Call out bad behavior. I have read reviews that reveal considerably bad behavior on the part of the reviewer. In some cases, I suspect such an “outburst” is based purely on competition or results that refute previous work. It’s unfortunately not surprising that some reviews are written in a nasty tone. What I am surprised about, is that such reviews still get passed on to the authors! Probably with a rejection. While a paper might need to be rejected, we are all highly educated people, so we probably can deliver negative news in a more civilized manner. We don’t learn anything from that experience except that some of the so-called experts in our field are not nice…to put it politely.
Consider the environment. One thing I learned working overseas is that experiments were much harder to accomplish because of where I was living. It had nothing to do with ideas, equipment, or money. The major challenge for me was collecting enough samples for my project in Norway where the population is only ~ 5 million. I was quite naïve in developing my project on low grade gliomas there for this reason (live and learn) as brain tumors occur infrequently in humans (fortunately). My work and my grants however were generally reviewed outside of Norway. Many reviewers failed to consider that what I accomplished was an unexpected feat in any context, but especially in a country where I might only receive < 10 samples a year. That took perseverance! Look for it in papers and grants that you review.
Keep in mind the goals of the journal. We are reminded, but we forget. We tend to read more articles from higher impact journals (for a variety of reasons) so our expectations tend to follow suit in reviewing an article. Articles for PLoSONE emphasize the quality of the science and not necessarily the novelty (duplication of a previous study would be an exception). Our primary job as a reviewer is to make sure that the data is solid and that the experiments tell some kind of story. Whether the science is sexy or not is really secondary.
We all make minor mistakes and grammar errors. Spelling and grammar mistakes are common in reviews as we don’t proofread them, and reviewers are from all over the world too. However, when the form letter from the journal editor shows up with typos in it, that kind of criticism can be more difficult to take, especially if accompanied by a request to use editing/proofreading services the authors must pay for. No one is above making minor mistakes. Point them out to help the authors, but in many cases, a copyeditor will suffice to correct them.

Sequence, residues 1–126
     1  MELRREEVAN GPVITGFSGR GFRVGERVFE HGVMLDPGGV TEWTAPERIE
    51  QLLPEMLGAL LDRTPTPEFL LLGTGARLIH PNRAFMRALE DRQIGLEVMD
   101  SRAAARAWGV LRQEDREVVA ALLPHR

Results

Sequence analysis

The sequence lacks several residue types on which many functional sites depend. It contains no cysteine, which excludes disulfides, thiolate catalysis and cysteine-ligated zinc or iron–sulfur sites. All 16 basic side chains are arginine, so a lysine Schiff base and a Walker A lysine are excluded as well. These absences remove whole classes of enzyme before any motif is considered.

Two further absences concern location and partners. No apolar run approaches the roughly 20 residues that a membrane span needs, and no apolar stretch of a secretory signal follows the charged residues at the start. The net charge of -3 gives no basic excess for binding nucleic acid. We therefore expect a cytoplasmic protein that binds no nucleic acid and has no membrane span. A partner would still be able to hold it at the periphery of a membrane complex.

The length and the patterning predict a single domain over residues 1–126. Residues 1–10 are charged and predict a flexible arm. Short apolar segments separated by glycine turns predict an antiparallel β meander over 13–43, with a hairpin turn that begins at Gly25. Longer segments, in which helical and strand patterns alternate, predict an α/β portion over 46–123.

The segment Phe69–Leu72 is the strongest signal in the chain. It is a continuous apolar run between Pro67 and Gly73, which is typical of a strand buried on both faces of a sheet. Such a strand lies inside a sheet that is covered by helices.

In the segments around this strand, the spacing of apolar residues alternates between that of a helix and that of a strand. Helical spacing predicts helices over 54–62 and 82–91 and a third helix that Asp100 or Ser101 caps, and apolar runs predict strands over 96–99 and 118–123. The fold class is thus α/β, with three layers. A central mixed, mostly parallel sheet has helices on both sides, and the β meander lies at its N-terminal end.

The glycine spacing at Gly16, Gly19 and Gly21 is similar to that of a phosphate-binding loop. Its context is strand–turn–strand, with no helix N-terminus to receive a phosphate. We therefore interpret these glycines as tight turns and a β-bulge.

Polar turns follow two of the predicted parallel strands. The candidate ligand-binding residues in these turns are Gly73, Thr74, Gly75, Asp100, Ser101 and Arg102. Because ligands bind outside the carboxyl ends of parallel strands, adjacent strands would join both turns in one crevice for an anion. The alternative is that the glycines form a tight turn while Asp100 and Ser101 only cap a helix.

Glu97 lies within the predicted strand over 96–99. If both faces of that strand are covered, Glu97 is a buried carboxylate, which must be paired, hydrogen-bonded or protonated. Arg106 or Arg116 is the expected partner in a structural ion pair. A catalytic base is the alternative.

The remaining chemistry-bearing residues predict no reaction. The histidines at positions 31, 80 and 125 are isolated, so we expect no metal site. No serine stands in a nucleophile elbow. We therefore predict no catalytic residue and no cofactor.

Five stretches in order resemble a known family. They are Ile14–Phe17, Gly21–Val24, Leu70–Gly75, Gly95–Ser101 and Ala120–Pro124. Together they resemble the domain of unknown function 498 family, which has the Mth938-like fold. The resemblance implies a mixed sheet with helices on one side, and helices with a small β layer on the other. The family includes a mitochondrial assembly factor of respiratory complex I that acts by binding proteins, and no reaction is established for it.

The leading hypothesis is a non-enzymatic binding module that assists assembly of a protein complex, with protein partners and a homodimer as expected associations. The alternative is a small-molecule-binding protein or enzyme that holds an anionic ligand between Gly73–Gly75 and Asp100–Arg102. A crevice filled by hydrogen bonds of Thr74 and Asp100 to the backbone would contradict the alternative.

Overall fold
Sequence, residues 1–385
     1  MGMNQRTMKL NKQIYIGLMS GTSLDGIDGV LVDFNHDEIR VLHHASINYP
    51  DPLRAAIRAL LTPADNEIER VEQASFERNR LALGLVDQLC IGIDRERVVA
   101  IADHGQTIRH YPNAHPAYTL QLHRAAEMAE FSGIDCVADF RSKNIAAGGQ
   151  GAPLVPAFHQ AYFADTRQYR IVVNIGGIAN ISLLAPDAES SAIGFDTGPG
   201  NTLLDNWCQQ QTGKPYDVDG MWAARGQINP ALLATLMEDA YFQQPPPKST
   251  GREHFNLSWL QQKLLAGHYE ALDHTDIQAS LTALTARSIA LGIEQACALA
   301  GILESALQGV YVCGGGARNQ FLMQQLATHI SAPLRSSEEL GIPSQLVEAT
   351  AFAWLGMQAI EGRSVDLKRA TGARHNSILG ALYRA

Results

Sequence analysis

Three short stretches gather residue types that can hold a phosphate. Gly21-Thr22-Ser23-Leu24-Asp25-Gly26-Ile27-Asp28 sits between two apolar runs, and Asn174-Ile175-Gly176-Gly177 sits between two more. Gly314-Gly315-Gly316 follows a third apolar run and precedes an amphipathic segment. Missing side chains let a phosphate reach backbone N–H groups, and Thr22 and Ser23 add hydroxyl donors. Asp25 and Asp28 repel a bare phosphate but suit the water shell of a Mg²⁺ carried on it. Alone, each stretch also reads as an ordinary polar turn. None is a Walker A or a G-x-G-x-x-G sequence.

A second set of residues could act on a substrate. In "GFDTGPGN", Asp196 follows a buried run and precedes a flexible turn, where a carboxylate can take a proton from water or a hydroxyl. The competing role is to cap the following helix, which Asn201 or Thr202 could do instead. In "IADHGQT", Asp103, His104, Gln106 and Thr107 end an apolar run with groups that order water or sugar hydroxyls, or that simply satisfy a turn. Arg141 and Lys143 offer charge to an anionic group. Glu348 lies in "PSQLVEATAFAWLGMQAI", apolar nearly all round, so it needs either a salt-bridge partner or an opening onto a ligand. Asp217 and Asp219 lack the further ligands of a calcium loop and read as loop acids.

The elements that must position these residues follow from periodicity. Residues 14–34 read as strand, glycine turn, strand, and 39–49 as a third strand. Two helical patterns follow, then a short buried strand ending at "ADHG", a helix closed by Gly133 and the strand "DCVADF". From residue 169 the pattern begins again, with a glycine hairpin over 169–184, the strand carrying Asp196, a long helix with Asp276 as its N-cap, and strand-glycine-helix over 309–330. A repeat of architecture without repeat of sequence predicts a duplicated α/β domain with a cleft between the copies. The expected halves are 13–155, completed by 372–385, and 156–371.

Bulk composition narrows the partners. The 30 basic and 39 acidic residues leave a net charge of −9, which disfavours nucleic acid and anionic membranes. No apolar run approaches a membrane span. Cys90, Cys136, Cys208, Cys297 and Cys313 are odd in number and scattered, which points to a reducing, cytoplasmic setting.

View your review as a teaching tool. Reviewing work is an opportunity to learn and to teach. We might need to criticize, but perform this task in a way that is informative, not damaging. The quality of the English can be a major distraction though, and such papers should probably never be sent into review. Although it’s part of your job to assess the paper on the basis of organization and/or quality of the English, do not allow these problems to set the tone of your review. You do not have to discourage; rejecting a paper is sufficient. Stick with criticism backed up with specific examples so that the authors learn something maybe for the next time!
The odd bit about reviewing and publication is that we all have to go through the same process. Yet, we are all guilty of committing the very mistakes that we don’t want to be the victims of: we procrastinate, we are overly negative, or we write our reviews ignoring that a human is actually on the receiving end. Last time I checked, scientists were still homo sapiens…
How can you cope if you are the “reviewee”? Know that reviewers comments might make you uncomfortable. Take a look and then respond on another day. Persevere.
Finally, try reading reviews out loud in front of colleagues! I read about a lab that regularly convened just to stand up and read the latest reviews in front of each other. Reviews can be hilarious if read out loud (imagine the voices), and for that reason the exercise can reduce stress and establish a sense of community. I did that years ago with a particular reviewer’s comments, and we laughed like crazy in lab…then we went immediately back to work.
©Janice Marie Nigro/janikiInk.com
Looking for a scientific editor or writer? Contact Janice Nigro at Janice Nigro Ink. I have published in Cell, Science, and Nature, and articles I have edited have appeared in Cancer Research, Clinical Cancer Research, PLoSONE, the Journal of Surgical Oncology, and Oncotarget.
Excellent blog Janice.
This concise, clear compendium of suggestions to the reviewers are timely, pertinent and justifiable. I personally feel the editor ought to monitor the biases of reviewers and ensure that conflict of interest policy is strictly adhered to.
Thanks Raj! There is a lot for all of us to learn because the science world is so much bigger now. It seems we all want peace but when we have the opportunity as individuals we are still not necessarily polite to each other. It’s easy to do because review is anonymous.